More than a quarter of adults resigned to a lifetime of renting

More than a quarter of adults resigned to a lifetime of renting

Millions of Britons are resigning themselves to the possibility of never owning their own home - with many people left with little alternative but to rent for the rest of their lives.

According the study from Aviva UK & Ireland General Insurance, 27% of UK adults in this country believe that they will never be in a position to buy their own property, citing affordability as the main issue preventing them from buying property in their desired area.

The study found that homeownership remains a top priority for many people, but for some people the decision to rent is not always about finances and more about convenience, with many people opting to rent because of the flexibility it offers.

The research, carried out as part of Aviva's 'Home' report series, shows that those looking to buy their first home expect to save for four years and four months on average, in order to build up an adequate deposit, but many will be required to rent while saving for a deposit.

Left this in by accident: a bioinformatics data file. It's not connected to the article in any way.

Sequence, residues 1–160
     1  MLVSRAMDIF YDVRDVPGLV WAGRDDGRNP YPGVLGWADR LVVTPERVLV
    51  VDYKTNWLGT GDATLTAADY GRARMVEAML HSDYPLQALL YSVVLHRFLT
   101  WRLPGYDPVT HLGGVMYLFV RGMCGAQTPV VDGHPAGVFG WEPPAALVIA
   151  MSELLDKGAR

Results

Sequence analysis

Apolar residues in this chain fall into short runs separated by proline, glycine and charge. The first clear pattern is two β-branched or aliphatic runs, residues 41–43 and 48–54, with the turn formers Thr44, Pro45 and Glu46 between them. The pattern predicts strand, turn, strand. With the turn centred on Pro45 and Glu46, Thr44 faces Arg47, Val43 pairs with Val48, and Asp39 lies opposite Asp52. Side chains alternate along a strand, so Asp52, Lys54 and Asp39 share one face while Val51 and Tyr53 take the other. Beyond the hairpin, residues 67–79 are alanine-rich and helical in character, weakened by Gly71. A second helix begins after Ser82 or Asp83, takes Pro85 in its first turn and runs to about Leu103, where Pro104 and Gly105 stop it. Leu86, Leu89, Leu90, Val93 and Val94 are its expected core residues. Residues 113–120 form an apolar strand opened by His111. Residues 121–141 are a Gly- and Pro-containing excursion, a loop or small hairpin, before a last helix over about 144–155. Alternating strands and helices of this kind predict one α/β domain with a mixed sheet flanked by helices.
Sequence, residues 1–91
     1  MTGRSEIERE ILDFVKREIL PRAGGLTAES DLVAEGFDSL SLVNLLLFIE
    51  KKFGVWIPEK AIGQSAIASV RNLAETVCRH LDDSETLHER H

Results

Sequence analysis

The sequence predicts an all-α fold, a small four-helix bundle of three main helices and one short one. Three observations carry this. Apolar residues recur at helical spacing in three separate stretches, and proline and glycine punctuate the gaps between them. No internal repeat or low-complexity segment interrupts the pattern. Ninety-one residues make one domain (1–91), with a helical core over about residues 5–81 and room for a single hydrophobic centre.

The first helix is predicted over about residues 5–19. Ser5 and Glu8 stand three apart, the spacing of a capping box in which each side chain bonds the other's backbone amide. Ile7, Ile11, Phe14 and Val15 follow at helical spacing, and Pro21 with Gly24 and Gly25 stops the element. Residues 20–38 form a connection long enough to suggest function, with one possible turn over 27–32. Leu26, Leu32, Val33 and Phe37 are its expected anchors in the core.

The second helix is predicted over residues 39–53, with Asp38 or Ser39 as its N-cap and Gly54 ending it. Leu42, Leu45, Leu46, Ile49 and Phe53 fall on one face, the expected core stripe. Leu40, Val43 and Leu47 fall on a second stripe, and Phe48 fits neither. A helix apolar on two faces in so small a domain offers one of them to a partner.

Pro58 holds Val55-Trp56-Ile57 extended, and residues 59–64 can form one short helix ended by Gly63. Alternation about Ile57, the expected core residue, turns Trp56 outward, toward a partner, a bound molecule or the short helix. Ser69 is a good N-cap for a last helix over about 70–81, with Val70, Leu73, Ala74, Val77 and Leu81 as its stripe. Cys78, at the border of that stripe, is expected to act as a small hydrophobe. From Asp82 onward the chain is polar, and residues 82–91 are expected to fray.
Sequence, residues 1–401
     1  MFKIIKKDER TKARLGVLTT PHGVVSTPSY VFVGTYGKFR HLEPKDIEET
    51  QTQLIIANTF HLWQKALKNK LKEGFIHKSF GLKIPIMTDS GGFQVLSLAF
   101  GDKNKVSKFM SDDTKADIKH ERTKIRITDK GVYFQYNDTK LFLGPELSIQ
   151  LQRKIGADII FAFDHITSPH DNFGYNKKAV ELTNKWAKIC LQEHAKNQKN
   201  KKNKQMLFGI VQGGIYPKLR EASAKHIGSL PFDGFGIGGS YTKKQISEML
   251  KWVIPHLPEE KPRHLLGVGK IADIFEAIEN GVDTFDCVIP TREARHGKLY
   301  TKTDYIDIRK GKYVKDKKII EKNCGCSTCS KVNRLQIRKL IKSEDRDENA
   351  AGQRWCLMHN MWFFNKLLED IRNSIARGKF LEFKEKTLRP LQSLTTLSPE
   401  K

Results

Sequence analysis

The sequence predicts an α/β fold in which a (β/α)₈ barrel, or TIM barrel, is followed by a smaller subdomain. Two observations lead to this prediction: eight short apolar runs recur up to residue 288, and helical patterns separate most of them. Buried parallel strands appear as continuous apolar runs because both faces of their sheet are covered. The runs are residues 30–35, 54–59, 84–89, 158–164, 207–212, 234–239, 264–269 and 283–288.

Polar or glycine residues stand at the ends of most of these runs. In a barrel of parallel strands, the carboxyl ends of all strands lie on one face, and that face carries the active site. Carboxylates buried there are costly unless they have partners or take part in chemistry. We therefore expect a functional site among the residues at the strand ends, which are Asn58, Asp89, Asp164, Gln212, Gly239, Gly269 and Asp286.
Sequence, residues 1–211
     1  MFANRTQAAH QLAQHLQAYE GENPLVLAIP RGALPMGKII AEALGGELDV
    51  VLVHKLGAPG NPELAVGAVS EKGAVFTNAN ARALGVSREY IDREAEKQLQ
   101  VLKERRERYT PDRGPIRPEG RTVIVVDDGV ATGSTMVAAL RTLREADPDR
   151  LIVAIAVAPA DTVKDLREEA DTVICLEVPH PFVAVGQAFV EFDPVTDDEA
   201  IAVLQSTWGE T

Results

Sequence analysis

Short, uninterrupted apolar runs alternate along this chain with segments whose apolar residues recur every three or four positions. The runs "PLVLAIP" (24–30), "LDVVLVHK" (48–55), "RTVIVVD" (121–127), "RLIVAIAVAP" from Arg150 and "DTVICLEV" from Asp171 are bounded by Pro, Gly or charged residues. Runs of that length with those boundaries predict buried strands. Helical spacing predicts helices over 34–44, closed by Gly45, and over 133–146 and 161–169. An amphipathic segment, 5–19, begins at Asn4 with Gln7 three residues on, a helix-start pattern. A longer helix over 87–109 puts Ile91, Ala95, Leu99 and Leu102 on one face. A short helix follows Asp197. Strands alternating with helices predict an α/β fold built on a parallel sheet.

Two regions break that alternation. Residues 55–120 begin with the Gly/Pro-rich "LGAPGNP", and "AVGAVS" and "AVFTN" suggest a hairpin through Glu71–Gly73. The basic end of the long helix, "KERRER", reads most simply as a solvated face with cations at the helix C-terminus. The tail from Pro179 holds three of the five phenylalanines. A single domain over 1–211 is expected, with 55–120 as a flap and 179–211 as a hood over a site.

Despite property ownership becoming more difficult as UK house prices rise, under-45s believe homeownership will only become more important in the next 20 years, according to Aviva's Changing Households report.

However, despite the recent slowdown in the rate of house price inflation, the house price to earnings ratio remains around 5.5 times against a long term average of 4.25 times as a result of soaring house prices and years without real-terms wage growth, which means that a growing number of younger people are now giving up on the idea of ever owning their own home.

Tony Williams of the Building Value property consultancy told Reuters last week that "a large proportion of 25 to 45 year olds will be permanent tenants rather than buyers." 

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